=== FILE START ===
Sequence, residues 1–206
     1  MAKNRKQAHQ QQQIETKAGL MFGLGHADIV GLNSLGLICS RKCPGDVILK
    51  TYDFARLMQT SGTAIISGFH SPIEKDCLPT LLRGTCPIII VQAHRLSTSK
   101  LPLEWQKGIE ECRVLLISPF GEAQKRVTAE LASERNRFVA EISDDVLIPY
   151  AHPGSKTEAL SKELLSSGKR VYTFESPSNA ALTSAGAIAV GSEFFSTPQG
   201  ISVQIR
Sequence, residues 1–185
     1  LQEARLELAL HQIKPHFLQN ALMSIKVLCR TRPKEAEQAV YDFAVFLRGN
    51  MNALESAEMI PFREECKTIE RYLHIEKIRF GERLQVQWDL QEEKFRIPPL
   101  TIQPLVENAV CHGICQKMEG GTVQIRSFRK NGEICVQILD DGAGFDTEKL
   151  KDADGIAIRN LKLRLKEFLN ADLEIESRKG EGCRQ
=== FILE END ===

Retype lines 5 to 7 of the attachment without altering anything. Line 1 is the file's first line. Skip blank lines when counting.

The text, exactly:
   151  AHPGSKTEAL SKELLSSGKR VYTFESPSNA ALTSAGAIAV GSEFFSTPQG
   201  ISVQIR
Sequence, residues 1–185